David Pressgrove: Communication breakdown

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I'm sitting at my desk exhausted after interviewing people for three days about the story that's running to the left of my column.

I can't imagine what it has been like for those involved for almost a year. I only spent 10 hours on the phone.

From my viewpoint, which I think is about as objective as can be, there is one major problem.

For that, I'll steal from Led Zepplin -- "Communication breakdown ... drive me insane."

In my job, I've learned that communication is key.

If I want a photo to run a certain way, I have to let the person laying out the page know that's how I want it. If I don't communicate that, I have no reason to complain.

In the instance of the Bad Dawg wrestling team's management, there is a lot of complaining and not enough communication.

Personal vendettas, bad blood and stubbornness has led to a questionable future for a program that, if done right, can benefit the community.

The previous Moffat County Youth Wrestling Board members resigned because, "We were tired of all the crap going on," one member said.

A new board was appointed and there wasn't much communication between the two. Paperwork was handed over, and the old board went its separate way.

Then the new board went ahead and did its own thing. I have no doubt that Joe and Lori Hefton and Ben Crippen wanted what was best for the youth in the wrestling programs. Had they known they were supposed to allow the Bad Dawg board to make the decisions, it would have been done. Instead, there was no board created for the Bad Dawgs, and they made their own decisions.

Apparently, the Bad Dawg coaches either missed or didn't get the memo that the board had decided to change the season.

The decision was that the Bad Dawgs would now be a fall program only. No longer would it run for nine months.

Nine months is a long time. The Major League Baseball season doesn't even run that long. Everybody I talked to outside the Bad Dawgs suggested the club required too much time from its wrestlers.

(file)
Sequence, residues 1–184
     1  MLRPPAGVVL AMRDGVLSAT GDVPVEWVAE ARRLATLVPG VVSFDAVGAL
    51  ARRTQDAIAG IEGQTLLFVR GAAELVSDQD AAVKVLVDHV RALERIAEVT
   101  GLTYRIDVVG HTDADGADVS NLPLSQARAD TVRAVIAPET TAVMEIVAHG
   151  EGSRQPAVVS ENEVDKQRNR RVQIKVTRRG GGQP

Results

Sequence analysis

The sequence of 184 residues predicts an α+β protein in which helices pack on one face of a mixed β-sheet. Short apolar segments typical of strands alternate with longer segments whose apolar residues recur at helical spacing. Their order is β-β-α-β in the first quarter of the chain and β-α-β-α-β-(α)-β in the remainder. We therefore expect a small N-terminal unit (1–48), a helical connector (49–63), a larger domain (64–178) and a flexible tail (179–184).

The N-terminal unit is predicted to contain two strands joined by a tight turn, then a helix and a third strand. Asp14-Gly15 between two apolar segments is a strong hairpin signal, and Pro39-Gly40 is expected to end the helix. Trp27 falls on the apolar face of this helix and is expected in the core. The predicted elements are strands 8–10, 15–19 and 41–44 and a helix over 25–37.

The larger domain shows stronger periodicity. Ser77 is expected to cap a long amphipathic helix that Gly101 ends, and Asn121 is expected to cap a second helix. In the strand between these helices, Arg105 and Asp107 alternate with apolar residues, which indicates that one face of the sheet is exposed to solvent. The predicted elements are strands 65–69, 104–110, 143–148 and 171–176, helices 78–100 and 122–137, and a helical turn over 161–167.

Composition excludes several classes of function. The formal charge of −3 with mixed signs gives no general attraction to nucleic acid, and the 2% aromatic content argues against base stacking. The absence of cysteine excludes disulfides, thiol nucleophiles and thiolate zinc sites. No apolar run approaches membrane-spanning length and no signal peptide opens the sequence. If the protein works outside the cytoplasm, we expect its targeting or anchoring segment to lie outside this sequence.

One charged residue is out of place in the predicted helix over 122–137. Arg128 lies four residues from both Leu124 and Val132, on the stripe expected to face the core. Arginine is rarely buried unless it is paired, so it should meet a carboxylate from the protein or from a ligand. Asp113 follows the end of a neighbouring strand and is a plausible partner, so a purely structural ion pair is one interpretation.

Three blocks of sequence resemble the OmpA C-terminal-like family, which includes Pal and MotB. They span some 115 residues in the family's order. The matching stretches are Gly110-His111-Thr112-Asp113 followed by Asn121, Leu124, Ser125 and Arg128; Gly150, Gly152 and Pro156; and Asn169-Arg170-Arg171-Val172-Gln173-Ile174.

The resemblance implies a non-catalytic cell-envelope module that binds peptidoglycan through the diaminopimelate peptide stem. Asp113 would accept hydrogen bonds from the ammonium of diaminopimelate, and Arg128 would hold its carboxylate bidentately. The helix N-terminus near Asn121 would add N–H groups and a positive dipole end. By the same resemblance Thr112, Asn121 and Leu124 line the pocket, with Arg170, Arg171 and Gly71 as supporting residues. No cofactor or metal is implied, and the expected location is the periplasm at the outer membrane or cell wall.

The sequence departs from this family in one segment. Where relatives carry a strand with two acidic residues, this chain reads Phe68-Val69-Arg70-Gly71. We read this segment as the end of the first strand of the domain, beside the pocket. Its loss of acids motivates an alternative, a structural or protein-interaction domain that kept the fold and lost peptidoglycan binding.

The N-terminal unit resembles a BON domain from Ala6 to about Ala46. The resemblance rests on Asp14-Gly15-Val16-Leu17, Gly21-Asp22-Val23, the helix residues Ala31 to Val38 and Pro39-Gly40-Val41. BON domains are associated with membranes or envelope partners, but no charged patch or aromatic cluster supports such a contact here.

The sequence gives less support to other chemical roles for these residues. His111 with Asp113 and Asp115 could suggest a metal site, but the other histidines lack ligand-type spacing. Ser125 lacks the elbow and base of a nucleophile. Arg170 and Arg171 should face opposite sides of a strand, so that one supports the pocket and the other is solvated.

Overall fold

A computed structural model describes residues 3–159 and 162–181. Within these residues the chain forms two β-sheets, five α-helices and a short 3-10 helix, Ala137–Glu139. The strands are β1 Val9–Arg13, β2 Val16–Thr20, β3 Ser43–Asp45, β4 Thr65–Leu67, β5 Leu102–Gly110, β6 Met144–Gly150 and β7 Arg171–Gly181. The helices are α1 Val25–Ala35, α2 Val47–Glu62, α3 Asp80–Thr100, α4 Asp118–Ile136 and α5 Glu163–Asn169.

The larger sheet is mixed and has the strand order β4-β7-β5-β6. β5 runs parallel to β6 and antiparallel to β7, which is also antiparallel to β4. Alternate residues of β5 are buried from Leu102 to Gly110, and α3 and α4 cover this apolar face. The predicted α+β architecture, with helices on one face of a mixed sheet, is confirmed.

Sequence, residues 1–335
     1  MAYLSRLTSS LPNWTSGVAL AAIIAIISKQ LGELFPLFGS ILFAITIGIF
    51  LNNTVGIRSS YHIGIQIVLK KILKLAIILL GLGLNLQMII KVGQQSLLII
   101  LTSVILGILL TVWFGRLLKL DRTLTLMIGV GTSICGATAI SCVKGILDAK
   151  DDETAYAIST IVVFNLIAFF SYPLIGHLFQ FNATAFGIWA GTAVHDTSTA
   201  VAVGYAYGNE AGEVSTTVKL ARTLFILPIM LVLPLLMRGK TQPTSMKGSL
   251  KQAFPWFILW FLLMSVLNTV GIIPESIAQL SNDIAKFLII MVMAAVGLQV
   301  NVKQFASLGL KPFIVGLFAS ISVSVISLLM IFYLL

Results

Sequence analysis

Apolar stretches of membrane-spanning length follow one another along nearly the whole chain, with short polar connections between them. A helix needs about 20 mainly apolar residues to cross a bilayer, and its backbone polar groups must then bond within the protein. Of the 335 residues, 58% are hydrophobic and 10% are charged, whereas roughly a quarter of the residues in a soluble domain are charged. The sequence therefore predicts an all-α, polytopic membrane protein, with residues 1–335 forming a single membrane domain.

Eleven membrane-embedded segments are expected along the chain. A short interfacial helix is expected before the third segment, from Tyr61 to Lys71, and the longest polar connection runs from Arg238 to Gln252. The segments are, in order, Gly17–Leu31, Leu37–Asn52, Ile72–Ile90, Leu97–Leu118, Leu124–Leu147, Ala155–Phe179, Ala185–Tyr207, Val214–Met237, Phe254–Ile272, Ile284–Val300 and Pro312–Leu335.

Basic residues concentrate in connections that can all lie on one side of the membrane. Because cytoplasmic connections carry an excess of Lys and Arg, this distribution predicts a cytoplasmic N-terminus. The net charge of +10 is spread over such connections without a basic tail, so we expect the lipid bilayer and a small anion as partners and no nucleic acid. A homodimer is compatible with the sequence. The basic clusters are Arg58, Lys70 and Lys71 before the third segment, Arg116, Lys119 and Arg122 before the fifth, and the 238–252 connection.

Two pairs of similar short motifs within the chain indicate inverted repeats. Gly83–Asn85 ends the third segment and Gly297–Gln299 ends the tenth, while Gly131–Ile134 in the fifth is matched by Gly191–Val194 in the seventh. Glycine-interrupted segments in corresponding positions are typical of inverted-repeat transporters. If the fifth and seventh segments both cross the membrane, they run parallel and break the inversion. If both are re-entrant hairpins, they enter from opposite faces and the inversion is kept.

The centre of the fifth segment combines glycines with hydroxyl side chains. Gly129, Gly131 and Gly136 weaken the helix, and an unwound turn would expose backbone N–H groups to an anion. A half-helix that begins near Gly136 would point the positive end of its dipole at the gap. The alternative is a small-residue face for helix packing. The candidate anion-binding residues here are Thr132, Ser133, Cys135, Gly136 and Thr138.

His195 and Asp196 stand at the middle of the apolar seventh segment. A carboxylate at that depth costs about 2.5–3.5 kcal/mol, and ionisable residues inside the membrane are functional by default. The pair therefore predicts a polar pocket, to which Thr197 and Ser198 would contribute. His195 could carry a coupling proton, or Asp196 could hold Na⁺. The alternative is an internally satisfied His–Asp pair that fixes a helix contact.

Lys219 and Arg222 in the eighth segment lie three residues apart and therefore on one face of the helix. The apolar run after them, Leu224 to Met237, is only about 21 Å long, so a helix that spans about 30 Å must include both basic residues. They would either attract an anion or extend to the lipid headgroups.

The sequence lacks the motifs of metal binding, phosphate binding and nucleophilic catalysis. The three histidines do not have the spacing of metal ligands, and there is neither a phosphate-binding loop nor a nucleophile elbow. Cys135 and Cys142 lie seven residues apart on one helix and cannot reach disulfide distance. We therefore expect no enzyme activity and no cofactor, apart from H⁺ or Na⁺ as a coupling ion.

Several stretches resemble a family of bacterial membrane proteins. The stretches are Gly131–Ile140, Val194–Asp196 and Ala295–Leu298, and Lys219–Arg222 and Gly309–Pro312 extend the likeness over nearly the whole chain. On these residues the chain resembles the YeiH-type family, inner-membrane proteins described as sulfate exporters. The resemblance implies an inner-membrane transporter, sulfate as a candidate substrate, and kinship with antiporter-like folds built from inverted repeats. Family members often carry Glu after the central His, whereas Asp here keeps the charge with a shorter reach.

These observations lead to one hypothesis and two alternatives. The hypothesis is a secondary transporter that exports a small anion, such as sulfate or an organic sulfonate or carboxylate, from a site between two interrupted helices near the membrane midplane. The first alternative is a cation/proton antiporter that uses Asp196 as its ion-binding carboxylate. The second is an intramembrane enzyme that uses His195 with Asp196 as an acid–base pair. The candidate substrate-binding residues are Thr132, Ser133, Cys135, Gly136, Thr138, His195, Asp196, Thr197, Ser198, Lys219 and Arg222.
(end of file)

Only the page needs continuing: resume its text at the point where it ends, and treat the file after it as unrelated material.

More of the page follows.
Everybody I talked to involved in the Bad Dawgs said there has never been a mandate to participate all nine months.

So what's the problem?

Well the kids are the real ones to ask that question.

Have they ever felt pressured to go to a tournament when they didn't want to?

Have they ever felt pressured to go to a practice when they didn't want to?

I was too busy sorting out the he said/she said from the parents to talk to the wrestlers.

I wish I could have.

Instead, I'm writing a column attempting to be the mediator among all parties involved.

Here are my suggestions:

It is imperative that the new board host a public meeting soon. First, though, sit down with the past board members and learn about the original design for Moffat County Youth Wrestling. It is the former board members' responsibility to present the original intent in a clear manner.

The meeting with previous board members may clear up everything. If the decision is made to allow the Bad Dawgs to still elect its own board then the decision to stop in January is null and void. It's all back to the way it was.

I would suggest, though, that in the public meeting, the matter of having separate boards is voted on. This time, the bylaws stating that should be signed and dated.

If the Bad Dawgs are to leave MCYW, then that needs to be voted on publicly, as well.

I would hope that the Bad Dawgs can stay a part of MCYW. The reason it originally merged with freestyle and peewee was because of the conflict that separate youth wrestling entities created.

Finally, to clear up confusion in the future, the organization or the two new organizations need to make themselves 501C3 status. This way, there is never any confusion about who does what in a board or whether bylaws truly exist and what the responsibilities to the public are. A 501C3 organization's rules are clear.

I understand that it takes a good chunk of cash to become a 501C3. But when I read the minutes from a 2004 meeting, I noticed there was a discussion about the pros of buying a facility for the program. That's more than the $2,500 it takes to become a registered nonprofit agency.

Can't we all just get along?

If it truly is for the kids, then that will be the case.

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